Ford’s need to bite the BEV bullet
Ford’s announcement of job losses in Europe and the next steps on batteries in North America herald a more aggressive electrification stance, writes Dave Leggett
As the auto industry grapples with the energy transition ahead, the latest announcements from Ford point to the emerging seriousness of the associated industrial transformation that is getting inexorably closer.
For Ford, there has been a feeling for a while now that the company needs to up its game on battery electric vehicles (BEVs) after a period when it seemed to focus too heavily on developing highly efficient ICEs and hybrids. A deal with Volkswagen to utilize its MEB platform for future Ford BEVs in Europe made good business sense, but also highlighted a gap in Ford’s proprietary electric vehicle tech development.
Now, it is focusing on the business strategy and BEV supply chain. It will work with Chinese battery giant CATL on a new battery plant in Michigan. The plant will also specialize in emerging lower cost LFP (lithium iron phosphate) battery technology, another tick for the blue oval. Moreover, political and trade tensions between the US and China and concerns over reliance on Chinese technology are sure to be dampened down by the positive economic impact of a major EV battery manufacturing plant located in the US.
On a broader sector note, the transition from ICEs to electric vehicles will drastically transform automotive supply chains over the next decade. Not only is it a case of different vehicular component systems required, but the complexity of the vehicle and the manufacturing process itself is impacted in terms of labour requirements. A simpler powertrain with fewer moving parts means simply that making the car is less manufacturing (or indeed, labour) intensive.
Ford chief Jim Farley flagged this – and issued a warning to powerful North American labour unions – not so long ago. He pointed out that producing electric vehicles requires 40% less labour than making conventional petrol-powered vehicles. Wow. This, remember, comes at a time when underlying automation in manufacturing is on the rise, too. Farley added though, that the company is seeking to insource as much as possible – greater vertical integration means getting more control of the supply chain, as well as potentially retaining more jobs – a whiff of altruism in the face of a coming sector-wide shakeout, but with a solidly business head. Control of rapidly shifting BEV supply chains – from raw materials through to final components for assembly – is emerging as a new battleground in the sector, especially alongside the potential shortages of critical materials and parts. It’s not just semiconductors, either.
A higher degree of vertical integration is one strategic lever that Ford can use to mitigate job losses as its vehicle content and associated supply chain transitions to a much higher percentage of electric vehicle components over the next five years.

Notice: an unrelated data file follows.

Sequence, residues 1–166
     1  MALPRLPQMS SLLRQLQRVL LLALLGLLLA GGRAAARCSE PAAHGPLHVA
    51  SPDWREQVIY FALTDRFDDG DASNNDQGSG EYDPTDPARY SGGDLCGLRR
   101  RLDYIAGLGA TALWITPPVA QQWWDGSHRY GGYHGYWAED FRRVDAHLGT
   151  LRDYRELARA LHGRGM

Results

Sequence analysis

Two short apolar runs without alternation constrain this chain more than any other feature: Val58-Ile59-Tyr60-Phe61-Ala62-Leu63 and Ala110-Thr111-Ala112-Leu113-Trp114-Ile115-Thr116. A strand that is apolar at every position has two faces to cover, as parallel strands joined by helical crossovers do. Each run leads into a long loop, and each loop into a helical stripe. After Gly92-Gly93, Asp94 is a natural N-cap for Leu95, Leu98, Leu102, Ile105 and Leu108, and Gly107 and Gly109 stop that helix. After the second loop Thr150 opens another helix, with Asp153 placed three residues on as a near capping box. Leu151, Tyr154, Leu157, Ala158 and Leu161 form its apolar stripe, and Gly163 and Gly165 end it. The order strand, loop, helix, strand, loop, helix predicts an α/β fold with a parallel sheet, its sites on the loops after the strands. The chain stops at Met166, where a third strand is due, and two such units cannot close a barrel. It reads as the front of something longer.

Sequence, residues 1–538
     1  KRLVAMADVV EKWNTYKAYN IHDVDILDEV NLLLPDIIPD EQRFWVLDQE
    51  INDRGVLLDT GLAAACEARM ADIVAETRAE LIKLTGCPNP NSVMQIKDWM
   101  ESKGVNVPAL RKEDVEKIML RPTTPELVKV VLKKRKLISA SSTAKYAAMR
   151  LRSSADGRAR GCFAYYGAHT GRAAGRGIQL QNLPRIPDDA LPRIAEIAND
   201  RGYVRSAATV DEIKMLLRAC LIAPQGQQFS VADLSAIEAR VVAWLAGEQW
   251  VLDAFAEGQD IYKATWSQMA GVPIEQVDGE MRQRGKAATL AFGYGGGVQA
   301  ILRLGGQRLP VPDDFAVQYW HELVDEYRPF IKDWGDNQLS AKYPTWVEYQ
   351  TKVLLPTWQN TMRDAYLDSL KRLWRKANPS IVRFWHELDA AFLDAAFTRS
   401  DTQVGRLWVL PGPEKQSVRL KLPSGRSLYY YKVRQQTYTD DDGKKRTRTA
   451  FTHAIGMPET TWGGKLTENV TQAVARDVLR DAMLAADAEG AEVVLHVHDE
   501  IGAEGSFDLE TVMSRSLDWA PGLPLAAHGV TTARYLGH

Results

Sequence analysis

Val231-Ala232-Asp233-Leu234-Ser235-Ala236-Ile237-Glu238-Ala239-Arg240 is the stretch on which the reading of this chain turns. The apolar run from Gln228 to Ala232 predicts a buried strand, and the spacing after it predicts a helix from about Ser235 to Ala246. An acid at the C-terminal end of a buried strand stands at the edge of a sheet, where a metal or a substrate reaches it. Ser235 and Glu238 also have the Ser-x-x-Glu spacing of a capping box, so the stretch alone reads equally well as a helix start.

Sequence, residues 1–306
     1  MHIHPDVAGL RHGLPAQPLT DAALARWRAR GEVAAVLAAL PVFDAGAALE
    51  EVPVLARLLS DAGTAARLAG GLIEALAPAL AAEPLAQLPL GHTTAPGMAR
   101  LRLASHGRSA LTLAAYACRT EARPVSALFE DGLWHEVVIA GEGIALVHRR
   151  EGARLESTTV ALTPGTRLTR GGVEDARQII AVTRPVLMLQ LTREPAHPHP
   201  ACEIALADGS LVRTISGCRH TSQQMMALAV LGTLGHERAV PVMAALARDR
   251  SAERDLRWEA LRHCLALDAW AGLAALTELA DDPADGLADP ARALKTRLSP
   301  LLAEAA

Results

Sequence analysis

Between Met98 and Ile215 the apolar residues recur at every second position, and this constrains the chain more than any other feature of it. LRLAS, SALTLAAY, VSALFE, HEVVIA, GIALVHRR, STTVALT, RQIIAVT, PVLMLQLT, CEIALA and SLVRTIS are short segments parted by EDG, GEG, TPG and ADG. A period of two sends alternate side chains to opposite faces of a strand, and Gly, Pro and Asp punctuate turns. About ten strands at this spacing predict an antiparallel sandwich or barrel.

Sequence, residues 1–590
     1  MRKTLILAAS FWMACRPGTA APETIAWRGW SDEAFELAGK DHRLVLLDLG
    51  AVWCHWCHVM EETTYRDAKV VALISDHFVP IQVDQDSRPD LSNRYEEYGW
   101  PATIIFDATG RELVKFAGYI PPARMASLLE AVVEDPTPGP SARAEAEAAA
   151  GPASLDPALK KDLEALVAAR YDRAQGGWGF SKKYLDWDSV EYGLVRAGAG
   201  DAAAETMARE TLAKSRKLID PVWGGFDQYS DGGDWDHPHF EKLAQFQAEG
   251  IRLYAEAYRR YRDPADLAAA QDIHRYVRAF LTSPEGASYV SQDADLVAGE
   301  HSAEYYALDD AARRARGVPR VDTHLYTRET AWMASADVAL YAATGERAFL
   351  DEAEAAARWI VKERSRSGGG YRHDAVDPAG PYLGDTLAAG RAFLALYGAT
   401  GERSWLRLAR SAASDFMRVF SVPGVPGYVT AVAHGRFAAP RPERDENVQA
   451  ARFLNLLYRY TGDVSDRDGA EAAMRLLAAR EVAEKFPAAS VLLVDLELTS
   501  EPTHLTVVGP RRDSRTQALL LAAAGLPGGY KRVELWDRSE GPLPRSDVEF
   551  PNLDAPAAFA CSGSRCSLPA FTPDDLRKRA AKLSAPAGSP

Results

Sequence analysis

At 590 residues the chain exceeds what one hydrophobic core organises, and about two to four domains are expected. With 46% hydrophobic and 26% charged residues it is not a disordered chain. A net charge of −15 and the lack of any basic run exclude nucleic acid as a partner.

Ford has announced a series of initiatives for sourcing battery capacity and raw materials as part of plans reach a targeted annual run rate of 600,000 BEVs by late 2023 and more than 2 million by the end of 2026.
Ford in Europe is to axe 3,800 jobs over the next three years (mainly in engineering and admin functions in Germany and the UK). The company said the restructuring will “align” product development organisation and administrative functions in Europe, with a smaller, more focused, and increasingly electric product line.
Ford made it plain that the job losses are driven by the transition to fully electric powertrains and reduced vehicle complexity – particularly relevant, in this case, to design engineering needs.
Ford in Europe has therefore now taken an important step in its necessary e-mobility-driven labour force adjustment. It won’t be the last from Ford (North America will be a much more daunting challenge) and other OEMs will surely be forced to take similar actions in the coming years.
New Ford LFP battery facility in Michigan
Ford is investing $3.5 billion to build a lithium iron phosphate (LFP) battery plant in Marshall, Michigan. It says that will add approximately 35 gigawatt hours per year of new battery capacity for Ford in the US initially – capable of powering approximately 400,000 future Ford EVs.
Somewhat controversially, Ford has reached an agreement with China-based Contemporary Amperex Technology Co., Limited (CATL), to manufacture the battery cells using LFP battery cell knowledge and services provided by CATL.
Ford engineers will integrate these LFP battery cells into its vehicles. Ford points out the agreement with CATL adds to Ford’s existing battery capacity and available battery technology made possible through a series of key collaborations with others – including with SK On and LG Energy Solution (LGES).
LFP batteries can tolerate frequent fast charging while using fewer high-demand, high-cost materials than other battery chemistries. Ford hopes the lower-cost battery that LFP tech allows, applied to future high volume models, will help it to offer EVs profitably at much lower price points.